Butina and Torshin have close ties to the NRA, which is not referred to by name in the criminal complaint or the supporting affidavit but as a “Gun Rights Organization.”

The NRA did not respond to TPM’s request for comment.

Per the affidavit, Butina’s work allegedly involved “advancing the agenda of the Russian Federation” by forging ties to “U.S. persons having influence in American politics,” including the NRA.

Butina and Torshin both ran The Right To Bear Arms, a group that fashioned itself as a Russian version of the NRA and supported handgun legalization in their home country. As TPM has documented and the new criminal filings lay out, they used that group to establish close ties with Republican officials in the U.S., inviting them to summits in Moscow. As previously reported, one December 2015 trip to Russia funded by the the Right to Bear Arms was attended by former NRA president David Keene, former Wisconsin sheriff and Fox News regular David Clarke, and NRA member and GOP operative Paul Erickson.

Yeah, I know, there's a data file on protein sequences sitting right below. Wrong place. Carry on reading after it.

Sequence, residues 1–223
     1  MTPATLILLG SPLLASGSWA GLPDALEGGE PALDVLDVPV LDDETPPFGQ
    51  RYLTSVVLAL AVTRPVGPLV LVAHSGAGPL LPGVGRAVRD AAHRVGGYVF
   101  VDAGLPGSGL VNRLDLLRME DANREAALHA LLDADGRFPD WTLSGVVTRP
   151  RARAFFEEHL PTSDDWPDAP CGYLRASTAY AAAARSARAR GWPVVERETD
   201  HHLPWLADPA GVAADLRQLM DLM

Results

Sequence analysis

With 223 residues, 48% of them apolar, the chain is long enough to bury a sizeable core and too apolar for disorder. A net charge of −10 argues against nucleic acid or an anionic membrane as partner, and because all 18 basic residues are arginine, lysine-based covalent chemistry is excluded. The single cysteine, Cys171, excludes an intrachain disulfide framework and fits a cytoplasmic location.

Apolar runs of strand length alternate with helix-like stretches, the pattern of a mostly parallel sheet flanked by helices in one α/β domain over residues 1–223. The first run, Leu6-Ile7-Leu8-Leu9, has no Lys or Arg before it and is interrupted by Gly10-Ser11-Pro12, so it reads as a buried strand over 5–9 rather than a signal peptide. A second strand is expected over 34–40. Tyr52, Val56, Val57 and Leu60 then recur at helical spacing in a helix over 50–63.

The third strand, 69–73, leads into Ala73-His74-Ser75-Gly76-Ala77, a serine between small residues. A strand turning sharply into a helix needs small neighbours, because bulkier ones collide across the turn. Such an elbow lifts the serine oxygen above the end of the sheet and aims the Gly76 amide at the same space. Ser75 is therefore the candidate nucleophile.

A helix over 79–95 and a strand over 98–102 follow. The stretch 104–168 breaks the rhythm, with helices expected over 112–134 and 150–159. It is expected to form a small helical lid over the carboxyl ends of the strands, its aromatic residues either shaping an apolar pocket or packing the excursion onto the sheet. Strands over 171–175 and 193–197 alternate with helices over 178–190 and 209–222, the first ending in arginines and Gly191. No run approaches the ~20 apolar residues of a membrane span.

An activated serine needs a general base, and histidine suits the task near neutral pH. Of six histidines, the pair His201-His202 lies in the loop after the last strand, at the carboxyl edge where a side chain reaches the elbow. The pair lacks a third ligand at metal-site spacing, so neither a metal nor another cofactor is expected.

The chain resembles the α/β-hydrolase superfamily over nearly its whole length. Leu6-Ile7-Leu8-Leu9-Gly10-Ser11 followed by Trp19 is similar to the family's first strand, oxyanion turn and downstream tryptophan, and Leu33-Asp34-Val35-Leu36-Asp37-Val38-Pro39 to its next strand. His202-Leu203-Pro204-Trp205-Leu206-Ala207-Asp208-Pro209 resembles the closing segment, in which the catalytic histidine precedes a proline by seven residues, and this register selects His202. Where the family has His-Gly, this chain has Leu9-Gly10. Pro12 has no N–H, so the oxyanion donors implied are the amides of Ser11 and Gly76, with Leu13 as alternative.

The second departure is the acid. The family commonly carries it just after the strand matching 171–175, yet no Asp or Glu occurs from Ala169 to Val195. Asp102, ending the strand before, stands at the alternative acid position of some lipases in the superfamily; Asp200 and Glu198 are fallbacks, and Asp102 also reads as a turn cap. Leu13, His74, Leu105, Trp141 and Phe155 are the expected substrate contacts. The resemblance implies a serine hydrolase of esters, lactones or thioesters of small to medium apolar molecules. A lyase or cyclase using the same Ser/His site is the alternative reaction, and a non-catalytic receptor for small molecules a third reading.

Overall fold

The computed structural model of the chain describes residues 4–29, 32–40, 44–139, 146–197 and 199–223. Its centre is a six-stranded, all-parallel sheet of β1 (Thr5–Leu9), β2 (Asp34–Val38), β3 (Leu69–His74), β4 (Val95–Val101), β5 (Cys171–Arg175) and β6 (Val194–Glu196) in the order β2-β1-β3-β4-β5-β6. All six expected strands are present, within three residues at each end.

Erickson’s background aligns with the description of “U.S. Person 1” in the indictment—”a United States citizen and an American political operative” who helped connect Butina to other influential Republicans.

Emails obtained by the FBI allegedly show that Butina, Erickson, and Torshin—who is not named in the filing but matches the description of “the Russian official”—corresponded regularly about how to “plan and develop the contours of the influence operation.” The trio allegedly recognized the importance of the NRA in shaping conservative political opinion in the U.S. and how the organization could be used to soften the GOP’s view towards Russia, according to the affidavit.

In a March 2015 email to Erickson, Butina allegedly wrote that the Republicans would likely win the 2016 election, so it was an opportune moment “to build konstruktivnyh [sic] relations” and that [c]entral place and influence in the [POLITICAL Party 1] plays the [GUN RIGHTS ORGANIZATION]. The [GUN RIGHTS ORGANIZATION [is] the largest sponsor of the elections to the US congress, as well as a sponsor of The CPAC conference and other events,” according to the affidavit.

Erickson allegedly responded by sending Butina a long list of “potential media, business, and political contacts,” according to the affidavit.